Lake County home values hurt most by 2017 tax law

Among about 3,100 U.S. counties, Lake ranks fifth in the damage done to future home values as a result of the cap on property tax deductions enacted two years ago.

 

Written By, Dennis Rodkin – Crain’s Chicago Business – 10/30/19

 

Home values in Lake County are among those hurt the most by the 2017 federal tax reform package, according to a national housing economist.


 
Cook County isn’t far behind, though among Chicago’s metro-area counties it’s taking the smallest hit. That’s in large part because Cook County has the smallest proportion of homes whose property tax bills are over $10,000, the new limit for deducting state and local taxes on federal filings.


 
Of nearly 3,100 U.S. counties, Lake County ranks fifth for lost home value in the wake of the tax law changes, according to a list compiled by Mark Zandi, chief economist of Moody’s Analytics and published this month by ProPublica. Cook County ranks 36th, putting it in the top 2 percent of the nation’s hardest-hit counties.

 

Aside from Lake County, all the  counties in the 10 hardest-hit are in the New York City metropolitan area.

 

The lost deduction will rob Lake County homes of 9.9 percent of what they might have been worth at the end of seven years following the start of the new tax standards, according to Zandi. In the six-county metropolitan area, Lake is followed by McHenry County (8.4 percent), Will County (7.5 percent), DuPage County (7.4 percent) and Cook and Kane counties, both at 6.6 percent.
 


To be clear: These figures don’t indicate a drop in value, but a measure of how much home value growth won’t happen as a result of the changes in the tax law.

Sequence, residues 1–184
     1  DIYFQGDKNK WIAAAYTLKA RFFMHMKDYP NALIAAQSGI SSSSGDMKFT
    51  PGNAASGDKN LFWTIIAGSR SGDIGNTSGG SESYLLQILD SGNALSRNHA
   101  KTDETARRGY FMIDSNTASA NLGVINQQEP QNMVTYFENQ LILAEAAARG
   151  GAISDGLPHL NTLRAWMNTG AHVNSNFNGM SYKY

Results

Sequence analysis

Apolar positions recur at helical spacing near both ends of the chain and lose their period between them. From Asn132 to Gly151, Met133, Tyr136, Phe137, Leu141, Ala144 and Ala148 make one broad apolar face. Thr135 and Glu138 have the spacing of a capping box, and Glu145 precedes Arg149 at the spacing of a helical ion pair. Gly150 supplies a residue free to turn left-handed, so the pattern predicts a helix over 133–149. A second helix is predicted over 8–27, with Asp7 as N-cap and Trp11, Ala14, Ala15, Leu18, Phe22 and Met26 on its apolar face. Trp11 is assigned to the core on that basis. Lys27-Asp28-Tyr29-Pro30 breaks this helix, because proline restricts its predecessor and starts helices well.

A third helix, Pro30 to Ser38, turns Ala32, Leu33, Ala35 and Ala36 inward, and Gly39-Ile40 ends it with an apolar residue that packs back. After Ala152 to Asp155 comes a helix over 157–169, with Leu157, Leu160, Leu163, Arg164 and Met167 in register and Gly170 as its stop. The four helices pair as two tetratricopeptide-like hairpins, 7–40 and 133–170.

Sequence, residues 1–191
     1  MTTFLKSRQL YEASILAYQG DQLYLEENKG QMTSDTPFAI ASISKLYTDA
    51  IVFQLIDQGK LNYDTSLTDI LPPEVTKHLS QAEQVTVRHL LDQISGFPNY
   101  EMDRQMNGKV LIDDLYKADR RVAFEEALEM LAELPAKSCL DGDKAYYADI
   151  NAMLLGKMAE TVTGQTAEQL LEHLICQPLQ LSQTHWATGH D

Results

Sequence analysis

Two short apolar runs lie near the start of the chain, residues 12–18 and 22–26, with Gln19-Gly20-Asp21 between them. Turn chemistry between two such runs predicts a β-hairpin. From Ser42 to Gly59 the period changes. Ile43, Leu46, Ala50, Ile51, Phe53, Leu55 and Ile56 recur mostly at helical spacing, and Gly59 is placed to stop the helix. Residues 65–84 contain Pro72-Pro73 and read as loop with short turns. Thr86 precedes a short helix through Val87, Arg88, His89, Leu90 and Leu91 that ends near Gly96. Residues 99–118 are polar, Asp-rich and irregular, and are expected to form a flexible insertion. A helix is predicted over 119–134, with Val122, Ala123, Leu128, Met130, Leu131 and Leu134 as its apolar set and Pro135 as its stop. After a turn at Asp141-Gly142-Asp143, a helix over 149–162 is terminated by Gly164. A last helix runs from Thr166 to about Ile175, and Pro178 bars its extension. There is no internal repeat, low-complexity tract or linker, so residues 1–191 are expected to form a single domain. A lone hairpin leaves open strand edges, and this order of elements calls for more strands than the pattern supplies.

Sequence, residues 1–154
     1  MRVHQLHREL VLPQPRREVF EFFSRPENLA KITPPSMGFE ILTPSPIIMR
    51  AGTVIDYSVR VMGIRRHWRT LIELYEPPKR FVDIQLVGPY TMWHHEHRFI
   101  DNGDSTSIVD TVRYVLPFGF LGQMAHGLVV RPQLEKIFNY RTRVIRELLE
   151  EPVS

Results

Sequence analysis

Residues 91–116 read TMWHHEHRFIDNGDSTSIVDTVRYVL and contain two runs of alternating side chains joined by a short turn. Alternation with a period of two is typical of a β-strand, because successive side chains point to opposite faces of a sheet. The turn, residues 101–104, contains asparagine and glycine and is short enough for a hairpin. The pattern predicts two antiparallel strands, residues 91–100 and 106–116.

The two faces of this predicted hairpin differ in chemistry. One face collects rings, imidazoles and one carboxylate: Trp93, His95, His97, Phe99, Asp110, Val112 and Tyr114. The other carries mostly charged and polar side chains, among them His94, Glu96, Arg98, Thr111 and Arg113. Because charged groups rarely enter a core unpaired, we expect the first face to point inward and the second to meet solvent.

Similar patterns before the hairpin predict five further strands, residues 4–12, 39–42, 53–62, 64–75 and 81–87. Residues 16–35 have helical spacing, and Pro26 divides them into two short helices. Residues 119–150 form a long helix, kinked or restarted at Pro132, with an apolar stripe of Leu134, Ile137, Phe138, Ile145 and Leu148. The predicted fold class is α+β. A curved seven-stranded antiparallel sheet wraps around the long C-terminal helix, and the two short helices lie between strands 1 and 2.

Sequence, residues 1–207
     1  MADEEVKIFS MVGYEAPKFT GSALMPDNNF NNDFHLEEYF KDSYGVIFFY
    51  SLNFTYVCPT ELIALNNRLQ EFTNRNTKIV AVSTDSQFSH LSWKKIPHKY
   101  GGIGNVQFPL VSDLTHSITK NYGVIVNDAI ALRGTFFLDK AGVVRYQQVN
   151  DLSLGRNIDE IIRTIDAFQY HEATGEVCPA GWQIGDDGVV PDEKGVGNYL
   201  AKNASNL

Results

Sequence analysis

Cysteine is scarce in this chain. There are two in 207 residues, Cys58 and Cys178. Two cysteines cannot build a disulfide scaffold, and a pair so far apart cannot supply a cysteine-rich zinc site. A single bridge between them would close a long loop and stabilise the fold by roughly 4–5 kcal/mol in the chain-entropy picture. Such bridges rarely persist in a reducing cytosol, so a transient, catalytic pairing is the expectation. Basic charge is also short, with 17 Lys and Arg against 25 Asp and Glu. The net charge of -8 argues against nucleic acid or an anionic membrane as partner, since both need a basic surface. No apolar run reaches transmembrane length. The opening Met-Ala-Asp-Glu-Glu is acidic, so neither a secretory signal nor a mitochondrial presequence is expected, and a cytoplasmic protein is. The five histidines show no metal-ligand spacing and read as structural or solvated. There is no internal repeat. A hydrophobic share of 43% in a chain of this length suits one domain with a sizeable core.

The lost growth is the result of homebuyers calculating the total monthly house payment they can afford, then subtracting a far larger chunk for taxes than they would have if the deduction were still in place, and in the end paying less for a home. The aggregate effect of all buyers of homes with a tax bill of $10,000-plus is a general reset of home values.


 
“It’s a killer,” said Honore Frumentino, a Berkshire Hathaway HomeServices KoenigRubloff Realty Group agent who focuses on Deerfield, Highland Park and other high-priced Lake County suburbs.


 
“We’ve always had high taxes in Lake County because of our good schools,” Frumentino said. “We could tell young buyers moving in, ‘Taxes are high, but there’s a deduction.’ We can’t say that anymore. It’s hard to find a house for a family in my area with a tax bill under $10,000.”   


 
Yet an agent in nearby Lake Forest and Lake Bluff said she hasn’t seen any pronounced effect on home values from the tax changes. “I haven’t heard of anyone looking at the taxes that way,” said Deborah Fischer, who’s also with Berkshire Hathaway HomeServices KoenigRubloff Realty Group. “Mostly what I see is people turning to Lake Forest and Lake Bluff because you get the lowest property tax rates in Lake County and lower than the North Shore towns in Cook County.”


 
One difference between Frumentino’s and Fischer’s observations may be that buyers shopping in Frumentino’s south Lake County turf can easily compare to bills a short distance south in lower-tax Cook County, while Fischer’s zone is farther north of the county line and her buyers may not be able to shop that far south.  


 
Zandi’s data shows the difference between where prices would be after seven years with and without the changes. Seven years is the typical life of a mortgage, according to ProPublica, which estimates that across the country, home values will lose a total of about a trillion dollars in potential growth.


 
Zandi’s calculations include a hit to home values caused by higher mortgage interest rates he says will be forced by the federal government ramping up its spending to cover the deficits the 2017 tax bill causes. As with a reduced deduction, a higher interest rate will trim back what buyers are willing to pay for a house.


 
Nationwide, home prices will be about 4 percent off what they could have been worth, Zandi estimated, and in almost 1,000 counties, or about one-third of those in his study, the damage to home values will be 1 percent or less.